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FBI Reportedly Investigating Link to 5G Technology Conspiracy in Nashville Bombing

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A new report claims that the FBI had been made aware of the man who is allegedly a person of interest in the Christmas morning explosion in Nashville.

At about 6:30 a.m. on Friday, an RV exploded in Nashville near the AT&T building. Residents of the area were warned to evacuate. Three people were injured in the blast, which disrupted telecommunications services around the city.

On Saturday, a house in the Antioch section of Nashville was searched, and media accounts named Anthony Quinn Warner, 63, as a person of interest in the case. On Sunday, a CBS report said the FBI had been made aware of Warner.

“BREAKING: @jeffpeguescbs reports for CBS News: Anthony Quinn Warner, 63, is the person of interest in the Nashville Christmas Day explosion. At least 2 tips were called in to @FBI about Warner, prior to the explosion. Quinn is a Nashville area resident,” CBS correspondent David Begnaud tweeted.

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According to WSMV-TV, a Nashville real estate agent reached out to the FBI after the explosion when Warner’s name was mentioned as a person of interest.

Steve Fridrich said agents asked him whether or not Warner had had concerns about 5G technology.

WSMV cited “a source close to the federal investigation” said that among the angles being investigated was whether Warner believes 5G technology was being used as a way to spy on Americans.

Was this an act of domestic terrorism?

Investigators are theorizing at this point that the bomber blew himself up in the RV, The Washington Post reported, citing as its sources “two people familiar with the matter, who cautioned that officials are still pursuing numerous leads and that no final conclusions have been reached.”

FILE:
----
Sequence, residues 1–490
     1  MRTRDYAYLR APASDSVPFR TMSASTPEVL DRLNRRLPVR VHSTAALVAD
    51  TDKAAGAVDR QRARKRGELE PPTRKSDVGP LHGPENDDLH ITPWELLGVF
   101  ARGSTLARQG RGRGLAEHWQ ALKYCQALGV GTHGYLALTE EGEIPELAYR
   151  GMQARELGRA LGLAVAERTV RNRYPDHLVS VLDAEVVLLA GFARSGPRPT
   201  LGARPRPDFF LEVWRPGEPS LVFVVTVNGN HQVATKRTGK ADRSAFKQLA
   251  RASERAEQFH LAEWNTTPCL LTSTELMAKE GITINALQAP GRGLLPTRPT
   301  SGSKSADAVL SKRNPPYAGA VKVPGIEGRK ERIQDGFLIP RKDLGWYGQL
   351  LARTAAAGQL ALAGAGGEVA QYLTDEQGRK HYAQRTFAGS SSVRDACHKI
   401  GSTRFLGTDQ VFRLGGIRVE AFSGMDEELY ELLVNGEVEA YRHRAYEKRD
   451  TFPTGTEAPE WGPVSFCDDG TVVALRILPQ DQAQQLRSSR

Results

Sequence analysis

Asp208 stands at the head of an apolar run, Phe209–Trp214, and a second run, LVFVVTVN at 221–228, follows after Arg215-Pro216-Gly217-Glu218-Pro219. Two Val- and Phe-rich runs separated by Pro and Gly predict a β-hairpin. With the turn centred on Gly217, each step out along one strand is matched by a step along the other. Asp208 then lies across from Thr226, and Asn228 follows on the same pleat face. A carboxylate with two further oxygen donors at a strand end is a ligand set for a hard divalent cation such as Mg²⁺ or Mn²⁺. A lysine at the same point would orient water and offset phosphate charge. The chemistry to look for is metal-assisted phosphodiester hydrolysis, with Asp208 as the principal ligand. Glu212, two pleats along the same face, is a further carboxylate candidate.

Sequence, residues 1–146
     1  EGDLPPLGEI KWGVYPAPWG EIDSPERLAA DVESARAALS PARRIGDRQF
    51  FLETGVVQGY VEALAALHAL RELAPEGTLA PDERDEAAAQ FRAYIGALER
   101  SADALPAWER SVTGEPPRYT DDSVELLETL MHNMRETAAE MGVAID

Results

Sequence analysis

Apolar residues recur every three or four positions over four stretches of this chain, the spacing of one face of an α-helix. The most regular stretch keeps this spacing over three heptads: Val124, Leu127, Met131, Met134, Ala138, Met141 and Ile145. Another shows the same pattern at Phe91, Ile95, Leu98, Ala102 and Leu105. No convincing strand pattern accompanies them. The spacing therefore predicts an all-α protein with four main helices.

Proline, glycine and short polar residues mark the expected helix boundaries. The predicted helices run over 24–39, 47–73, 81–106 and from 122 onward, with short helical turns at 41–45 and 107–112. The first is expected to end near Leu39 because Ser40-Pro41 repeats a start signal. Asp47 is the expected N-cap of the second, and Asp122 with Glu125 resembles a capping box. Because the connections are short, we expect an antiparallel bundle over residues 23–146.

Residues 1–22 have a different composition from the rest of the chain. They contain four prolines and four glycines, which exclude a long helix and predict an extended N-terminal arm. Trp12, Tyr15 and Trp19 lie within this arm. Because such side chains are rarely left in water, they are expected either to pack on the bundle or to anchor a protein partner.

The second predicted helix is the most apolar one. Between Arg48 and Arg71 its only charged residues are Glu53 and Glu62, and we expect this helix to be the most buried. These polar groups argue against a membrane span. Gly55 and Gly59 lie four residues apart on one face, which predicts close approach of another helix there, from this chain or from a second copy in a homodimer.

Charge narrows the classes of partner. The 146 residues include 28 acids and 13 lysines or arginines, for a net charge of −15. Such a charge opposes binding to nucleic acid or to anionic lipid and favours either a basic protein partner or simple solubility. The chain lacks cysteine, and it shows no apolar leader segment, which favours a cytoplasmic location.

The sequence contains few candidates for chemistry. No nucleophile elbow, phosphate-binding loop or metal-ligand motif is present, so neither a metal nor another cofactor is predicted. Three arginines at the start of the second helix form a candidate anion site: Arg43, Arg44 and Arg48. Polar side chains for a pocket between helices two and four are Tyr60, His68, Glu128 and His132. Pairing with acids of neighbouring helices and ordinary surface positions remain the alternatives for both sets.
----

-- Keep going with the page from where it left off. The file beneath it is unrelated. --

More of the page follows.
Human remains were found at the scene of the blast. Warner’s mother will be swabbed to determine a potential match, according to Newsweek.

Tony Rodriguez, a neighbor of Warner, said that on Saturday, the FBI took away a computer motherboard from Warner’s home, the Post reported.

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Rodriguez said his neighbor, to whom he never spoke, could be seen working on an antenna atop the house. Rodriguez said the man posted “No Trespassing” and warning signs around the property, particularly where an RV was kept

“He always seemed like an oddball,” Rodriguez said.

FBI Special Agent Douglas Korneski on Saturday said he “can’t confirm any individuals or anybody we’ve identified.”


The New York Post reported that Warner recently signed over the deed to his property to Michelle Swing, 29, of Los Angeles.

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Jack Davis is a freelance writer who joined The Western Journal in July 2015 and chronicled the campaign that saw President Donald Trump elected. Since then, he has written extensively for The Western Journal on the Trump administration as well as foreign policy and military issues.
Jack Davis is a freelance writer who joined The Western Journal in July 2015 and chronicled the campaign that saw President Donald Trump elected. Since then, he has written extensively for The Western Journal on the Trump administration as well as foreign policy and military issues.
Jack can be reached at jackwritings1@gmail.com.
Location
New York City
Languages Spoken
English
Topics of Expertise
Politics, Foreign Policy, Military & Defense Issues




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